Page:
Dr. Peter Sinsheimer, executive director of the UCLA Sustainable Technology and Policy Program, a joint initiative of the Fielding School of Public Health and the UCLA School of Law, helped arrange the interdisciplinary collaborations.

"Being at UCLA makes it easy to pull together diverse teams of top-flight scientists to conduct such important prevention-based research," said Sinsheimer, whose program focuses on primary health prevention through materials substitution.

The initial idea for the hospital-based study came from Sinsheimer's research on the viability of alternatives to lead-based copper piping in delivering safer drinking water.

Hospital surfaces selected for the study will include bed rails, chairs, a bedside table that can also be positioned on top of the bed, and a mobile treatment cart-top used by nursing staff that includes handles, a keyboard and a mouse.

A team at UCLA Engineering will assist with the testing of the copper and other surfaces used in the clinical trial.

"We will be incorporating copper, plastic or sham stainless steel materials into the selected everyday surfaces used by patients and staff in the hospital," said Vijay Gupta, a professor of mechanical and aerospace engineering.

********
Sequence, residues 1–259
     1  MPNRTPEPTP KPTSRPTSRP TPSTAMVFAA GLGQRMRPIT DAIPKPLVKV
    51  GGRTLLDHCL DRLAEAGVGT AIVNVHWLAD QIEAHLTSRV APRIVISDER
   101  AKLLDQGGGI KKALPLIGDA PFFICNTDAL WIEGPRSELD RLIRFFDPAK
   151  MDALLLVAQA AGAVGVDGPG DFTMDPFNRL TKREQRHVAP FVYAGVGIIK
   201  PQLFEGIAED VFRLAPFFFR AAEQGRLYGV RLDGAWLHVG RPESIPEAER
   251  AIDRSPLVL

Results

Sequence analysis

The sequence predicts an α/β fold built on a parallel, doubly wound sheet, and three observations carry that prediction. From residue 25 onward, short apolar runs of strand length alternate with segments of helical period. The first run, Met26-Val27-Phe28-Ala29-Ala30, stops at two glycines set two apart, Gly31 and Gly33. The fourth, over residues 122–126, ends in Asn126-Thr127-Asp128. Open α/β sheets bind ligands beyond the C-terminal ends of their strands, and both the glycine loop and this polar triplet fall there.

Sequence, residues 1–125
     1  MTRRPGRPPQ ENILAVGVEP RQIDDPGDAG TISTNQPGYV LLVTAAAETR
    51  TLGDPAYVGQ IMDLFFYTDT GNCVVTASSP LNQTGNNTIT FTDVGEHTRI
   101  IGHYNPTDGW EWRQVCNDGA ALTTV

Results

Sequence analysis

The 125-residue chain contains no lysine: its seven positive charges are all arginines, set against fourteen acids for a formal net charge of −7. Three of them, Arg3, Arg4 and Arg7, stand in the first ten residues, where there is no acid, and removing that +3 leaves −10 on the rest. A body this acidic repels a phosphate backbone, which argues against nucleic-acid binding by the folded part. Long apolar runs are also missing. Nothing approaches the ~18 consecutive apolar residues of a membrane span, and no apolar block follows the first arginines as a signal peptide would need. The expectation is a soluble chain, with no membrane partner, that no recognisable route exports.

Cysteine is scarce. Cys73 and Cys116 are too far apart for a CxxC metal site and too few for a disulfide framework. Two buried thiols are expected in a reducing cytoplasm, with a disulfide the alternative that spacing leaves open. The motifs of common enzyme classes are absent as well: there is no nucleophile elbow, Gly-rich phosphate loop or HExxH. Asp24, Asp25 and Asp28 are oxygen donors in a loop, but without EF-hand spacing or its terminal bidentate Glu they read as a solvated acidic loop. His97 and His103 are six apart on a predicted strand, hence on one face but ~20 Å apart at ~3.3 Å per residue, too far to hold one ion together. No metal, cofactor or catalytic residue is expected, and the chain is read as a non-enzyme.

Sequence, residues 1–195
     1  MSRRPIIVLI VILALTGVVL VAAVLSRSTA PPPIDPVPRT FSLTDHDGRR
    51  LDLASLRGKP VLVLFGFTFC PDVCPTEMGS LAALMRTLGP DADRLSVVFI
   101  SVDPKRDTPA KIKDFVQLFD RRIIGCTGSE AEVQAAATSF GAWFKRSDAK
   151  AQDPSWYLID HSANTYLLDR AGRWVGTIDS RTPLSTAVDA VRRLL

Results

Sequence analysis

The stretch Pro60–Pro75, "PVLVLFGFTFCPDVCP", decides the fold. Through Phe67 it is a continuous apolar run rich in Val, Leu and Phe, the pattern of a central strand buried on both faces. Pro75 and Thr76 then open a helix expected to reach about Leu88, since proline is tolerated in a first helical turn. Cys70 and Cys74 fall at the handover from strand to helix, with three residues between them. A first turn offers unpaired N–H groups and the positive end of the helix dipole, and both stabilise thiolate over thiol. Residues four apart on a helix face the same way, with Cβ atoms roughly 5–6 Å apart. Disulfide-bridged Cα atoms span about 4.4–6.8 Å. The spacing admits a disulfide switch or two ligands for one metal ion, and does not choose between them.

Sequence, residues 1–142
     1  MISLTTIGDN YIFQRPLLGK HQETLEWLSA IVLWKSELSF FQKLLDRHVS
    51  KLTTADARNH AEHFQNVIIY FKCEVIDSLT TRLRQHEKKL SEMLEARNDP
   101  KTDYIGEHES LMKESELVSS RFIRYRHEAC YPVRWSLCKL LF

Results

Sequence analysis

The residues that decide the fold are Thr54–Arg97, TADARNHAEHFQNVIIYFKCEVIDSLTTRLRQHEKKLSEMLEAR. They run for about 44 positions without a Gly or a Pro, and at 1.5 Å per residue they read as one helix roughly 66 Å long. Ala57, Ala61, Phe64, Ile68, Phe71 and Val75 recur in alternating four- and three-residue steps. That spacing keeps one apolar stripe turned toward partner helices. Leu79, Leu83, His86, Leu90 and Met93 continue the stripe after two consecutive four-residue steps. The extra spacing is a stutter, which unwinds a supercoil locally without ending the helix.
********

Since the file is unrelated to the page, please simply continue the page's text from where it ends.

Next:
The cost-effectiveness analysis will be conducted by Dr. Gerald Kominski, director of the UCLA Center for Health Policy Research and a professor in the department of health policy and management at the Fielding School of .

"Finding effective interventions to reduce hospital infection rates in a cost-effective manner is an emerging priority for U.S. hospitals," Kominski said. "This study will provide valuable information on whether copper-touch surfaces are a cost-effective technology for achieving this goal."

Explore further: Copper reduces infection risk by more than 40 percent

Related Stories

Copper reduces infection risk by more than 40 percent

July 1, 2011
Professor Bill Keevil, Head of the Microbiology Group and Director of the Environmental Healthcare Unit at the University of Southampton, has presented research into the mechanism by which copper exerts its antimicrobial ...

Study proves new technology kills bacteria

October 20, 2011
Results from a comprehensive multi-site clinical trial demonstrated that the use of antimicrobial copper surfaces in intensive care unit rooms reduced the amount of bacteria in the rooms by 97 percent and resulted in a 41 ...

Antibacterial stainless steel created